Drusky Entertainment Presents
5024 Curry Road
Doors 6:00 PM / Show 7:30 PM
This event is minors under 21 with parent or legal guardian
Twenty-five years after the release of their self-titled debut – an album that fused southern-psych-rock influences with nineties-era alt-grunge – Blind Melon is returning to the studio and the stage. The internet age has made rediscovering the gems of eras past all too easy and reunion tours of old material an obvious choice. But despite the fact that the band’s breakout single, “No Rain,” became one of the most indelible music videos of the 90’s—or any era for that matter—Blind Melon’s return is no exercise in nostalgia. With new members and new material defined by powerhouse harmonies, the band sounds both fresh and familiar.
Blind Melon began in L.A., founded in 1990 by a group of southern transplants. Rogers Stevens, Brad Smith, and Glen Graham (on guitar, bass, and drums, respectively) all headed west from Mississippi, while Christopher Thorn (guitar) hailed from Pennsylvania. The group’s original and iconic vocalist, Shannon Hoon, arrived shortly thereafter from Lafayette, Indiana. The band gained some early buzz after Hoon sang on the Guns n Roses single “Don’t Cry,” and the group’s early demos landed into the hands of Capitol Records A&R, which resulted in a recording contract soon after.
Nearly overnight, the band went from honing their distinctive blend of stripped-down psychedelia in a sleepy old house (immortalized on the song “Sleepyhouse”) to topping Billboard charts and shredding through a set at Woodstock 94. But all too soon the clouds began to gather. Critics panned their 1995 follow-up, Soup. (Time has been kind to that album, however, as classic songs like “Mouthful of Cavities” have since found large, appreciative audiences.) Then, during a tour stop in New Orleans—just a few weeks after the album’s release—Shannon Hoon died from a cocaine overdose.
Hoon’s death was cataclysmic: he was just 28 years old, a new father. In the wake of the tragedy, the band struggled to carry on. They released a record of outtakes, Nico, named for Hoon’s daughter, and a documentary, Letters from a Porcupine. The record included such gems as “Soul One” while the documentary received a Grammy nomination. But, unable to find a suitable replacement for Hoon, the band officially disbanded in 1999.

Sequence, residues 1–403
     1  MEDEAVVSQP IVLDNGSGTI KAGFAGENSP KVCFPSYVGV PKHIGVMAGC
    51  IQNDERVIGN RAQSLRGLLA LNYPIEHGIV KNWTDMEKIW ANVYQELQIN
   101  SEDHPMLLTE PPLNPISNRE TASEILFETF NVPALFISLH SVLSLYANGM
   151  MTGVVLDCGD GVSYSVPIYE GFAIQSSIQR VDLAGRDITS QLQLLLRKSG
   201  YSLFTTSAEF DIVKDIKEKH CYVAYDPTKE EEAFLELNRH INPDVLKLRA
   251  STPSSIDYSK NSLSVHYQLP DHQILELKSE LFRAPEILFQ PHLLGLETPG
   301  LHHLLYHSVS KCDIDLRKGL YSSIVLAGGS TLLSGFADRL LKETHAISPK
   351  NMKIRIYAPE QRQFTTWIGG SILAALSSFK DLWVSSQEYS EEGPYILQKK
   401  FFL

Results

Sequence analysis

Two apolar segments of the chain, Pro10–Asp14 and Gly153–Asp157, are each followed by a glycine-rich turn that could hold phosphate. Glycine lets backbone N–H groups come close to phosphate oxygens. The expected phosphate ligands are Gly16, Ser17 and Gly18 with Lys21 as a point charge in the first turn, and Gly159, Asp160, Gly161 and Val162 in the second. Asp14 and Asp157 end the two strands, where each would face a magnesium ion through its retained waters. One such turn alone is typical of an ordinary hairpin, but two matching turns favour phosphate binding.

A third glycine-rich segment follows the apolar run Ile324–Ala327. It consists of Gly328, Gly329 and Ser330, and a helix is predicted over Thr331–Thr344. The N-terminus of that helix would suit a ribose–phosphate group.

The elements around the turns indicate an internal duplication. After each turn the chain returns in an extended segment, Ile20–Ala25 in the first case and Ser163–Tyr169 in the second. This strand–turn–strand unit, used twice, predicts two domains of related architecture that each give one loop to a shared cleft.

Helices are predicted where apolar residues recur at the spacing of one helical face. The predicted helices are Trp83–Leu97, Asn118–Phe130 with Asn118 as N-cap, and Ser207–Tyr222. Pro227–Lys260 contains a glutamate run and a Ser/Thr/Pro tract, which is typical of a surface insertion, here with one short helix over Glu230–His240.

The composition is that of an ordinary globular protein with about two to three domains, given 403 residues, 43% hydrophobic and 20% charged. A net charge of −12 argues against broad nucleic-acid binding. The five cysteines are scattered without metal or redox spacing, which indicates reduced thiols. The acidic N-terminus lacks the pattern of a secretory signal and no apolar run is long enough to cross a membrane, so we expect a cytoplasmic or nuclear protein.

Blind Melon’s revival began in Austin, Texas, when Smith and Thorn produced a record by singer/songwriter Travis Warren in 2006. Few singers possess the range of someone like Hoon, and fewer still the raspy edge. Warren had it. And moreover, Warren had his own musical ideas, which served to push the band into new territory. The discovery brought the four remaining members together again, and with a new singer up to the task, they reunited. In 2007, they sold out clubs around the country and recorded their first new music in over a decade, culminating with the 2008 release of For My Friends in 2008. Although the band continued to perform around the globe, however, the dates were occasional and their future uncertain.
Then came a period of unprecedented creativity. Up late one night in late 2016, guitarist Rogers Stevens sent a sketch of a song to Warren. When he woke up the next morning, Warren had sent the track back with his vocals on it. Something clicked. That late-night correspondence ushered in a period of prolific songwriting, which continued into 2018. Based on the series of demos followed, a new album was afoot. Longtime Blind Melon fans will find much to appreciate here, given that the each retain the essential elements of the band’s distinctive sound—
Graham’s remarkable, rolling drumming still anchors the band, and the band’s two guitarists, Stevens and Thorn, have long been able to finish each other's sentences musically. With the addition of multi-instrumentalist Nathan Townes, a gifted musician who had previously worked with Thorn and Warren on a variety of projects, Blind Melon has once again caught lightening in a bottle. The songs, both harmonically and structurally, have found a deeper gear, too. “We’re making the best music of our careers,” Stevens says. “I’m aware that everyone says that, and that nobody ever believes it, but in this instance, I think it’s true...that surprises me as much as it will anyone.” Perhaps that’s a result of the fact that there were probably many albums the band didn’t get to make. Whatever the case, with all those unrealized ideas built up over the years, the resulting pressure burst the dam and the songs now flow freely.
In sum, Blind Melon is back.